Pete Townshend of The Who Calls iTunes a "Digital Vampire"
November 1, 2011 12:26 PM
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Townshend said iTunes profits from music without giving back to the artists that work to create it
Remember when Metallica launched a legal battle against Napster back in 2000, then criticized the iTunes Music Store a few years later for destroying the album format and refused to allow their songs to be sold individually in the online store? Well, Metallica may have gotten over its spat with iTunes by
releasing its songs in the store in 2006
, but that doesn't mean iTunes now holds a loving relationship with all of its artists.
Pete Townshend, the guitarist and songwriter for rock band The Who, called Apple's iTunes a "digital vampire" while delivering the first John Peel Lecture, which was named in honor of the late British radio broadcaster.
iTunes profits from music
without giving back to the artists that work to create it. He offered some suggestions for iTunes, such as offering artists services that music publishers and record labels once provided since the Internet has eliminated many copyright protections. Some services Townshend mentioned were space for bands to stream music, employing talent scouts, and paying smaller artists directly without the use of a third party.
Townshend said iTunes bleeds artists like a digital vampire, and offering these services is the least it could do.
"It would be better if music lovers treated music like food, and paid for every helping, rather than only when it suited them," said Townshend. "Why can't music lovers just pay for music rather than steal it?"
Back in May of this year, the Recording Industry Association of America (RIAA) scored $105 million in a lawsuit against Limewire, which was a free peer-to-peer file sharing program similar to Napster, and was
accused of giving none of the money to artists
. It was later discovered that the RIAA planned to set an unknown amount aside for artists.
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RE: confused much?
11/1/2011 12:50:35 PM
Well, you're half right. His anger is misplaced, he needs to direct it towards the record companies which no longer really serve any purpose. Artists would gain a much larger piece of the action if iTunes allowed them to market their wares directly. Of course, this won't happen because the record companies wouldn't all it. iTunes couldn't survive without the licensing, at least not right now.
RE: confused much?
11/1/2011 1:30:35 PM
This is where it becomes tricky, and new young artists only have themselves to blame here.
These days it's commonplace for the record companies to find new talent and sometimes they will take a gamble on them based on their A&R expertise, which is more about marketing an image than the music itself but bear with me.
The artist cannot leave a meagre lifestyle waiting for their music sales to snowball so the studios draw up deals whereby the artist is contracted to supply X number of albums or Y number of singles in exchange for an advance.
This allows the artist to hit up their dream lifestyle with money that's not been earned. The record companies in turn have an immediate benefit that the artist is living the improved lifestyle, getting out there, getting noticed, getting into trouble, whatever it's all good PR.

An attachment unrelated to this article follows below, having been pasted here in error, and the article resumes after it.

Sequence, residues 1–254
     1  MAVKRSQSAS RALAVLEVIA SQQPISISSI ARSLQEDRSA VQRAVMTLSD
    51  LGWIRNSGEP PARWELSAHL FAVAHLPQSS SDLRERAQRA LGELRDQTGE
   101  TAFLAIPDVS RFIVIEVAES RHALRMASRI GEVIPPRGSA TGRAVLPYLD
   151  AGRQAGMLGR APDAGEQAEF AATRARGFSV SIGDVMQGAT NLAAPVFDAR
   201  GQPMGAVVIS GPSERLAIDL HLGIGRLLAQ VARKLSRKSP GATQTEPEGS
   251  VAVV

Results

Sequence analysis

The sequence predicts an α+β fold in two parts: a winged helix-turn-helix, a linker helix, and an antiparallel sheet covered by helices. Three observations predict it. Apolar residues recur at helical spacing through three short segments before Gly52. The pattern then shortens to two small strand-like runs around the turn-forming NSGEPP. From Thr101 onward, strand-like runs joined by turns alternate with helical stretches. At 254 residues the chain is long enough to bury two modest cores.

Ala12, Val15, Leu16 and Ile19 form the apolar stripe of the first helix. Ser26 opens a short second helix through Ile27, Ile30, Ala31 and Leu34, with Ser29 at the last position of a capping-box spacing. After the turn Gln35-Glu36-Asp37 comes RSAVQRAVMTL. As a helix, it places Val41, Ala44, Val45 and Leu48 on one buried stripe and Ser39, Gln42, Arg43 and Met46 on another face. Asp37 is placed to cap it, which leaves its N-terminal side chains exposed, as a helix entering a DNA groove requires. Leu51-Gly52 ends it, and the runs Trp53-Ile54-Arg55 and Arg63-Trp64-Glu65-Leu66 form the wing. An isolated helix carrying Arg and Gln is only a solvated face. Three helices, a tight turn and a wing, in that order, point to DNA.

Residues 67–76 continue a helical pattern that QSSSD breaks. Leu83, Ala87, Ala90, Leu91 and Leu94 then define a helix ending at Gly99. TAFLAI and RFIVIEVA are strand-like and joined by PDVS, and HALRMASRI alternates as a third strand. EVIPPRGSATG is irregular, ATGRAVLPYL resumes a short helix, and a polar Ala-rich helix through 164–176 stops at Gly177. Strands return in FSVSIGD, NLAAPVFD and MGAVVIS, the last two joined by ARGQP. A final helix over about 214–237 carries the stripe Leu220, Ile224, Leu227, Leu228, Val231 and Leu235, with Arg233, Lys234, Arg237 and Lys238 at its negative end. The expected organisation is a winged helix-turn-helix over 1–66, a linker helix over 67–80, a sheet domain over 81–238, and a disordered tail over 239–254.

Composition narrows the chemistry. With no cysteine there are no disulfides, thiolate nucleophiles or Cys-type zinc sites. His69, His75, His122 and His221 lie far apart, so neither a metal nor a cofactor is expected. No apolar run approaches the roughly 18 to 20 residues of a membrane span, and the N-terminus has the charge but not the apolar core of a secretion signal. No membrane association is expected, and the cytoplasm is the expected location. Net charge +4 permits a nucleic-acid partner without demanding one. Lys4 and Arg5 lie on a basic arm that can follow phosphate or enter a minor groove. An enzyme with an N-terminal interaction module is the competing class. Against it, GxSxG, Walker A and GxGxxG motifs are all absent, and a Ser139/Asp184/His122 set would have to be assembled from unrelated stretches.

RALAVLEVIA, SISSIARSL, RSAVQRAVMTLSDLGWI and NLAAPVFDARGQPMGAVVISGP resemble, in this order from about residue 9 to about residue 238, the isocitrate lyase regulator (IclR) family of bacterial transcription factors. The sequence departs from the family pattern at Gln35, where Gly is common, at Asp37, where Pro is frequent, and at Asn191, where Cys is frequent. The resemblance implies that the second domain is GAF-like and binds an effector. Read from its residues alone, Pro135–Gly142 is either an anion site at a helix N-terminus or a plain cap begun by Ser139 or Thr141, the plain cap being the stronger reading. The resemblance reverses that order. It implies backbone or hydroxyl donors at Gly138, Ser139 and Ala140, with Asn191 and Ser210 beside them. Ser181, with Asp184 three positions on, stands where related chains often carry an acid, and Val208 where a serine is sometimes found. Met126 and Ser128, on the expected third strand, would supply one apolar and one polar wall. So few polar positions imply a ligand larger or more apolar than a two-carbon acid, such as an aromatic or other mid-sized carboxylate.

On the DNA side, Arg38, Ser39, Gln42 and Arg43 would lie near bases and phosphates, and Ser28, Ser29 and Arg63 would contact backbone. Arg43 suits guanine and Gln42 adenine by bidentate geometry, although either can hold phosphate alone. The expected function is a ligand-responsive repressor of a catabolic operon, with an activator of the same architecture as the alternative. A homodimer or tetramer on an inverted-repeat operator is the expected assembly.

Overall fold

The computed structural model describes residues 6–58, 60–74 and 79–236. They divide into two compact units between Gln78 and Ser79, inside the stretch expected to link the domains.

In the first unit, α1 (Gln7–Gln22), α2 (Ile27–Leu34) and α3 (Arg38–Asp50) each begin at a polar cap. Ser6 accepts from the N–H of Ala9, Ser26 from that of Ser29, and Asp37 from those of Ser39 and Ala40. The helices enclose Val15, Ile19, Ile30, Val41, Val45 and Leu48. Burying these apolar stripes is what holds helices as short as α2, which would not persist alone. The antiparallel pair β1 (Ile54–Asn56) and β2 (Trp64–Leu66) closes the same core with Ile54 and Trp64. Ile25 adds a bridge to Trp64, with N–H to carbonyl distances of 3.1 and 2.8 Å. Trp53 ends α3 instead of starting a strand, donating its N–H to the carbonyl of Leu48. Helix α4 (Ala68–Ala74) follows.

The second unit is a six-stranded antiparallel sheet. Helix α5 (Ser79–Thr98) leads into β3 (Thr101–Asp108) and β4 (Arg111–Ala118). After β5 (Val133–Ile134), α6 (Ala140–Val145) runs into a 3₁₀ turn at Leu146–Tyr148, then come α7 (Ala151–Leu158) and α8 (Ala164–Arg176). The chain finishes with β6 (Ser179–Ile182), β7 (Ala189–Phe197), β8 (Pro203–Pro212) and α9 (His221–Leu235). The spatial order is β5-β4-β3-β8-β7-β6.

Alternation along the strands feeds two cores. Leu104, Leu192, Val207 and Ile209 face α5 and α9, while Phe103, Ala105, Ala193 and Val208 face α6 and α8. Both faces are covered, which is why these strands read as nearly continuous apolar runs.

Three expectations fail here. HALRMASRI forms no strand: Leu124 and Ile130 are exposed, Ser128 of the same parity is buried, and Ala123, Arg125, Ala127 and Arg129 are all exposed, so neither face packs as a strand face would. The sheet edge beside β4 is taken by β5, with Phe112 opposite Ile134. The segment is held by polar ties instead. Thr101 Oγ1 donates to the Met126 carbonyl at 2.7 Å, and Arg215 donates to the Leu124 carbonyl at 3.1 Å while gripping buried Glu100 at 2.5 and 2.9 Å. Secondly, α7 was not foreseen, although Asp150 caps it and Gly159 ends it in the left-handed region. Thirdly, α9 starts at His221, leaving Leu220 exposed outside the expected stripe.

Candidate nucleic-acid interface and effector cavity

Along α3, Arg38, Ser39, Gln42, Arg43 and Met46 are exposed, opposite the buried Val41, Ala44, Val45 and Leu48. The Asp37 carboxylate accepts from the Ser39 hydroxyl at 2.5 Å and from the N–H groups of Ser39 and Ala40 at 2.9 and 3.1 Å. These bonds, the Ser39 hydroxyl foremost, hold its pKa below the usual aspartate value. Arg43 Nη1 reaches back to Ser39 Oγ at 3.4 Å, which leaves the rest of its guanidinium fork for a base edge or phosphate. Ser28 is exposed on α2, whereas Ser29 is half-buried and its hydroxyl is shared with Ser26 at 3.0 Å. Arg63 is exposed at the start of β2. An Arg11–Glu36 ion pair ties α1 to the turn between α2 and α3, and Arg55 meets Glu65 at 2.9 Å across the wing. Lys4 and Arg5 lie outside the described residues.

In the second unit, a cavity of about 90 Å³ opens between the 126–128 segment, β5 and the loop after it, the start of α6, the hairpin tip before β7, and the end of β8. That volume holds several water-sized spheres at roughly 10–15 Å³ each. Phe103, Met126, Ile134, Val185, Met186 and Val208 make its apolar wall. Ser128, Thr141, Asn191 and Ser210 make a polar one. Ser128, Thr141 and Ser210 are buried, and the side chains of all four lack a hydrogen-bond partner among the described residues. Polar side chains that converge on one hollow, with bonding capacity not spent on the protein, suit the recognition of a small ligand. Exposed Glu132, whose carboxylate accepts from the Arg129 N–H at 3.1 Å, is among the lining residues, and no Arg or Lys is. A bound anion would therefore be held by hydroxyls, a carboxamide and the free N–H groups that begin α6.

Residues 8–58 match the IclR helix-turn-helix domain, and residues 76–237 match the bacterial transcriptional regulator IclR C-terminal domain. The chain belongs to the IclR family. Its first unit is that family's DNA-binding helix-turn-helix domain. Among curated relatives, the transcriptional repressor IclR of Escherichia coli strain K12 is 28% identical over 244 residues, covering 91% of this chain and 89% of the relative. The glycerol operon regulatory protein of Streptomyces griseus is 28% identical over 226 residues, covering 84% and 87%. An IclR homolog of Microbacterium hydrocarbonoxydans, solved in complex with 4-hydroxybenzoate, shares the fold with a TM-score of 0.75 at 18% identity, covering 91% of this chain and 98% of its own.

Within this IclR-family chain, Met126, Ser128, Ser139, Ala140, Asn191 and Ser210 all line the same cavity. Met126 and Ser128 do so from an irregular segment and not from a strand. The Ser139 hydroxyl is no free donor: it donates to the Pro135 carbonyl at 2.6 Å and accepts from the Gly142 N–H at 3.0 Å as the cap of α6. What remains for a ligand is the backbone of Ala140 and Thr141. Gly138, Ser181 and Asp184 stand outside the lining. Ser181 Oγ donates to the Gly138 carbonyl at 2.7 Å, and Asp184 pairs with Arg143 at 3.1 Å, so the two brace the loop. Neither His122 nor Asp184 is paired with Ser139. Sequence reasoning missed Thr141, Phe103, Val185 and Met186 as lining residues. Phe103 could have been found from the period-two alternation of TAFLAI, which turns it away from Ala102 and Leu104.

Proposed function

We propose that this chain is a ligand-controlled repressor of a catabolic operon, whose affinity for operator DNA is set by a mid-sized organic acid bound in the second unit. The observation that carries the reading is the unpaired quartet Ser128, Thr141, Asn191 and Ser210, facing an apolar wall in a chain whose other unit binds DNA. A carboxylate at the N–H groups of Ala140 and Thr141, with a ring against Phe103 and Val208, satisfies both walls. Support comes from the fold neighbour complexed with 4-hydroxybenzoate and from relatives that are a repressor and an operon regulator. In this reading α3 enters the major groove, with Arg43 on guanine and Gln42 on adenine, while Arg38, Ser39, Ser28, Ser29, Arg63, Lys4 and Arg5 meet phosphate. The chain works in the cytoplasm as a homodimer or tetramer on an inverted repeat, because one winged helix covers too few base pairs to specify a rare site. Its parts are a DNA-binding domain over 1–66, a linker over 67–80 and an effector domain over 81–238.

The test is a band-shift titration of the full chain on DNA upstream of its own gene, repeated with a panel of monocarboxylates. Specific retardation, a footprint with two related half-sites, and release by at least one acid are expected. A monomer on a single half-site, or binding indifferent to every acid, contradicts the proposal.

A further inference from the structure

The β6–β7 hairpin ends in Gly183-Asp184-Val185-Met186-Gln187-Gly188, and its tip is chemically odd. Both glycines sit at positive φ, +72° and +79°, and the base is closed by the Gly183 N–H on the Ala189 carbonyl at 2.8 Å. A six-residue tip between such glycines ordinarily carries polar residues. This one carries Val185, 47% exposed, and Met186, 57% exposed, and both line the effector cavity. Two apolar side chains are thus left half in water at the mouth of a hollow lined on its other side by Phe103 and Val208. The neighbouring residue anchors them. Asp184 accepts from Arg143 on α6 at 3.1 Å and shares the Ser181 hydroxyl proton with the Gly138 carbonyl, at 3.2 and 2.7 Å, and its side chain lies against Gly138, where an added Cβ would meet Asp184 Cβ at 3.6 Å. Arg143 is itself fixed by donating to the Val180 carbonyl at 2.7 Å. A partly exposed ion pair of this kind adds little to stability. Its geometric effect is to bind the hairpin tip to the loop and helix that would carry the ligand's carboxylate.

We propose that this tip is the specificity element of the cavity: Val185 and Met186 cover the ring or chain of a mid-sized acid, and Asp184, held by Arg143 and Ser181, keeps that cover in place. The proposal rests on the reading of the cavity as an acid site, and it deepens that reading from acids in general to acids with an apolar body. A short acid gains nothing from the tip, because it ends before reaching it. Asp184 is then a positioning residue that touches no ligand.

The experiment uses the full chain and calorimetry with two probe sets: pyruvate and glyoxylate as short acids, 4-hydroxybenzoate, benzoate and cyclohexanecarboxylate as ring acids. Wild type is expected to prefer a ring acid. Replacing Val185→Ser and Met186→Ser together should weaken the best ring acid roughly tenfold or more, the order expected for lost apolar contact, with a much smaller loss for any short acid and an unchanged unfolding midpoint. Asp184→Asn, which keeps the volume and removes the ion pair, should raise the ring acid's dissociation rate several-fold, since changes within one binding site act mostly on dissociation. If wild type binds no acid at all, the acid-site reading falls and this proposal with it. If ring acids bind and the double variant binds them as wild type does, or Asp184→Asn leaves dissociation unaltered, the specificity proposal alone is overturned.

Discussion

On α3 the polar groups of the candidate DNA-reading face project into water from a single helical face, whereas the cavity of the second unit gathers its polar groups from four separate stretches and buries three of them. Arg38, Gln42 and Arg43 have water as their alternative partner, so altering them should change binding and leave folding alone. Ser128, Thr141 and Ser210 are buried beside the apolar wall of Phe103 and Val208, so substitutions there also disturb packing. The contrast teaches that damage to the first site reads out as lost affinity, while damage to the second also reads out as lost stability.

The label has taken gamble, sometimes it pays off, sometimes they lose big time and the artist amounts to nothing but they are no fools, in general they are always up on the deal. However the if the artist sells well they will not get as much as if they'd waiting for the money as the advance has to be financed and nobody is going to do that for free right?
None of this has anything to do with the retailers (hello iTunes) who traditionally purchased stocks for their physical stores, sat on that stock for however long it took to shift it and made their profits. Retail margins (GROSS margins) are generally more than 30% since they needed to finance physical distributions and retail stores have BIG overheads.
iTunes has simply replaced everything from the CD pressing plants, through warehousing, distribution and retail. All of their money travels back up the chain, none of it goes direct to the artists. That's the label's contract. It's known from Apple's earnings reports that 30% gross profit equates to a slither of nett profit, so presumably offering a high quality service is not cheap since they do shift a lot of music.
We all know that Apple do not care about this as they are in it for the hardware sales that inevitably result. So far everybody is happy, I think.
You'd think Pete Townshend would know this and also the fact that he wrote most of The Who's music himself and therefore takes the all of the cash for that himself (often the lion's share) means he continues to do very well. The money he gets for selling a album on Amazon digital is EXACTLY the same as Amazon selling a physical CD.
In mind of these generally new artists these days, certainly those in certain genre's do not write their own music, often do little other than perform the vocals. They will not be nearly as richly rewarded for this.
Finally, the contradiction regarding the illegal and legal aspects are bazaar. Can't even get my head round what he's on about there.
"We basically took a look at this situation and said, this is bullshit." -- Newegg Chief Legal Officer Lee Cheng's take on patent troll Soverain
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